Thanks for the encouragement Vulgaris!
I am now tending three nests in my yard, "Wy," a Mischocyttarus mexicanus cubicola queen with one joiner and eight cells in her nest which are filled with eggs and young larvae. "Cate," is a Polistes Exclemans queen with four workers and eggs, larvae and pupae in her steadily growing nest. Last but not least is the currently solitary, "Liz," a somewhat shockingly large Polistes Sp. that may be Fuscatus of Metricus, her young nest has eight cells with only eggs inside for the moment.
They are all located in bushes.
I discovered Wy on February 28th while standing next to a bush, watching squirrels in a tree. I herd a tiny buz next to my ear, softer than a mosquito, when I turned to look she was hovering in front of my face seemingly, "checking me out." Seeing no acts of agression I stood still until she flew back to her nest which I followed her to. As the first wasp I'd seen this year I was pleased as punch and decided to offer her some honey which she took happily from my finger
She was solitary at this time and had only five cells with tiny pearl-like eggs inside. A few days later her "Friend," appeared who is quite a bit smaller than Wy. The joiner did not trust me for some time, flying away whenever I would come to feed Wy, who was completely non-plussed. However I am pleased to say that just a few days ago she decided to enthusiastically partake in the honey as well! Once, after the sudden explosion of Eastern Tent Caterpillars in my yard, (They are EVERYWHERE!) I took one and chopped it in half to give to Wy because she had not been taking honey lately. I figured she needed protein for egg production. She totally went to town
on the peice I gave her which I had now realized was a bit large for the tiny wasp, she literally pulled it out of my fingers and tried to hold it herself. The peice proved to be too heavy and after fluttering in the air with it she dropped the peice into my waiting hands. I had them cupped beneath her because I suspected this would happen. After that I placed the caterpillar meat atop the branch on which her nest was hanging from, it was well munched the next day. Unfourtunately I can't bear to smoosh cute fuzzy caterpillars any more as it is too "traumatic" for me...
It makes me very guilty
Now I give her a steady supply of grain weevils, which she likes and are not as dificult for me to kill as they are a pest in our parrot food! I also intend to catch some of those annoying flys that are found near garbage cans, rotted fruit etc. and try her out on those. Perhaps if she likes them she will hunt them too!
All in all, I feed her for the sole purpose of developing a peaceful and friendly relationship that I can learn from and because I like her. These efficient creatures need no human aid!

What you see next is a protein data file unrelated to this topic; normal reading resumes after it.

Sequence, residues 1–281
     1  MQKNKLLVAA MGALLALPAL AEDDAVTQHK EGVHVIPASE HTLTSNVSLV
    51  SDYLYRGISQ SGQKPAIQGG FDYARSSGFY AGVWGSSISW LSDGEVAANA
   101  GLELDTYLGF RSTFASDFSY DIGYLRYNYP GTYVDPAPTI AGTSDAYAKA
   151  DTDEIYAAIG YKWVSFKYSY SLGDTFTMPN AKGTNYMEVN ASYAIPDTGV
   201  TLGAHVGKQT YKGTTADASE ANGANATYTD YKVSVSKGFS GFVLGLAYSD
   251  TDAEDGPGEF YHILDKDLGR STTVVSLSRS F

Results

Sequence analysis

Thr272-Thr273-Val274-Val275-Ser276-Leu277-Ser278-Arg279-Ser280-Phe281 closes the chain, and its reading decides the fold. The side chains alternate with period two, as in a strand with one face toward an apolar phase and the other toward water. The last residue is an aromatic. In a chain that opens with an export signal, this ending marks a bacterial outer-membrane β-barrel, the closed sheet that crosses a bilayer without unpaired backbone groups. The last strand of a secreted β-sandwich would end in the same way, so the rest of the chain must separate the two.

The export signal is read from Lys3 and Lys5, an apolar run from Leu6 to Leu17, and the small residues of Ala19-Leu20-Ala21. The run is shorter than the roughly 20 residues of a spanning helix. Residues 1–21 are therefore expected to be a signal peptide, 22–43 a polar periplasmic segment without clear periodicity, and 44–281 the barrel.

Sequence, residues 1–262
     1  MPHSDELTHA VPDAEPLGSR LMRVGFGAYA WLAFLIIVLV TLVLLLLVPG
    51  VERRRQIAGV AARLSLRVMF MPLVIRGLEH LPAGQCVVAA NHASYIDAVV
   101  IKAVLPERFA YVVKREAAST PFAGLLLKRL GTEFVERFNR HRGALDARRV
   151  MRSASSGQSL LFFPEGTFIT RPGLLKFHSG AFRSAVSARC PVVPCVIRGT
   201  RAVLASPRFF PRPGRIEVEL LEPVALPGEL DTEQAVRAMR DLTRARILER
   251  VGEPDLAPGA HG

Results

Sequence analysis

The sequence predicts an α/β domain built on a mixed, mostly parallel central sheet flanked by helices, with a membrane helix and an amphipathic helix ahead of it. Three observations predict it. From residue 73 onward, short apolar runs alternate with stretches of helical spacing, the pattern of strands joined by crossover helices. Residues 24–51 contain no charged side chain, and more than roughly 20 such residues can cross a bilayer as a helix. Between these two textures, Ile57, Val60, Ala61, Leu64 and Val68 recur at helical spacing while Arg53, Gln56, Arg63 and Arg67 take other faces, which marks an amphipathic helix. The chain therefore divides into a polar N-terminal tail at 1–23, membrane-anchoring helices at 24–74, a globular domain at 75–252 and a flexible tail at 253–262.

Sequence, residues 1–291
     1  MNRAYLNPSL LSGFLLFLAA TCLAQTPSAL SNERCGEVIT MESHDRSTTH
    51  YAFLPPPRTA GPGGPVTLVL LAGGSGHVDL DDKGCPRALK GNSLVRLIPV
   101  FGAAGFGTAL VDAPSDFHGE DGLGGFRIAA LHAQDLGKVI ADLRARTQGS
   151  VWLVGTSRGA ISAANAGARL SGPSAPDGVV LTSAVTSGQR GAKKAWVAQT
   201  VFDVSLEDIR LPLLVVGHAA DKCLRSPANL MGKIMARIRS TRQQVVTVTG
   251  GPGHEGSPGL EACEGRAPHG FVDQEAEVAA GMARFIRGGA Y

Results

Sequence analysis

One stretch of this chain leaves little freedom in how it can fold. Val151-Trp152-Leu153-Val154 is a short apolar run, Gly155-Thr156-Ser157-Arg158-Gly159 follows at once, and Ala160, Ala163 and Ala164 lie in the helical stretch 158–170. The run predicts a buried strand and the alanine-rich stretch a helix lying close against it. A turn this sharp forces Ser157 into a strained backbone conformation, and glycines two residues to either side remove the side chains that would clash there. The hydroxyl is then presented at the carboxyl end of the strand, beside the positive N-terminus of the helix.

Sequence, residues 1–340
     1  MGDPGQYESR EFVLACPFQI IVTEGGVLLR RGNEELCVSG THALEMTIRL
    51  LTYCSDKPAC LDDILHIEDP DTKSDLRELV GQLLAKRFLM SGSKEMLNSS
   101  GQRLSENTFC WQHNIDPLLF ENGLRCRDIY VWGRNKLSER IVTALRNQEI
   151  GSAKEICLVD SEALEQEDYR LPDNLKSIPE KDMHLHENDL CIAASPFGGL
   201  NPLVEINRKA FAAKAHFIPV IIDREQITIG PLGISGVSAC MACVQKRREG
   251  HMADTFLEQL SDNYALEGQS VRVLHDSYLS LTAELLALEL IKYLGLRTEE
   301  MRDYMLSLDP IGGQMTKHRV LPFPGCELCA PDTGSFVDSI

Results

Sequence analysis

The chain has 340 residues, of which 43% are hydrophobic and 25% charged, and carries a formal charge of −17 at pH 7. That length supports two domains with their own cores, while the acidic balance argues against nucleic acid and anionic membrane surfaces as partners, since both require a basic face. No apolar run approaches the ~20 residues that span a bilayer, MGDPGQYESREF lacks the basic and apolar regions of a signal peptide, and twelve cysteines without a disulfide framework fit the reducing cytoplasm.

A little on Wy's behavior:
She's very calm, never so much as even threatened to sting! The only time I've ever seen her upset is one day when I was slightly stressed and she seemed to pick up on it, even then her only response was to fly away momentarily.
This is one patient wasp! barely even noticed when I had my camera lense less than an inch away from her.
She is very tolerant of having her nest gently touched, (By me) as I have accidentaly done so on several occasions while feeding her, she tends not to react at all. What she does do consistently is re-apply her pheromones to the nest by rubbing her abdomen on the place I touched, the joiner does this too.
To feed her, I gently brush the item, (honey or insect meat,) against her antenae, if she's hungry and wants it, she'll start eating, if not, she turns around. I found that she displays this comunicatory behavior very consistenly.
Before Vulgaris told me that North American Paper Wasps have a strictly insect diet, I tried to give her several different protein rich foods, these were:
Un-spiced, lightly boiled chicken
Her reaction to these was the same to each one and very expressive, she would feel/taste/smell it with her antenae very curiously, then seeing that the item did not please her she would first back away
from it and turn around. I took this to mean that she did not consider it be food.
Often when I come and carefully lift the leaf that covers her nest she turns to look at me without any threat postures, perhaps expectantly?
I have seen her display the "begging" behavior that Polistes described in his Wasp Keeping Artical, (hanging upside down on the nest with front legs outstretched.)
Hope it was a good read, if you all think so I will post my observations on the other two nests next. Prayers and Be Well!
Edited by Mamata, 19 March 2011 - 09:33 PM.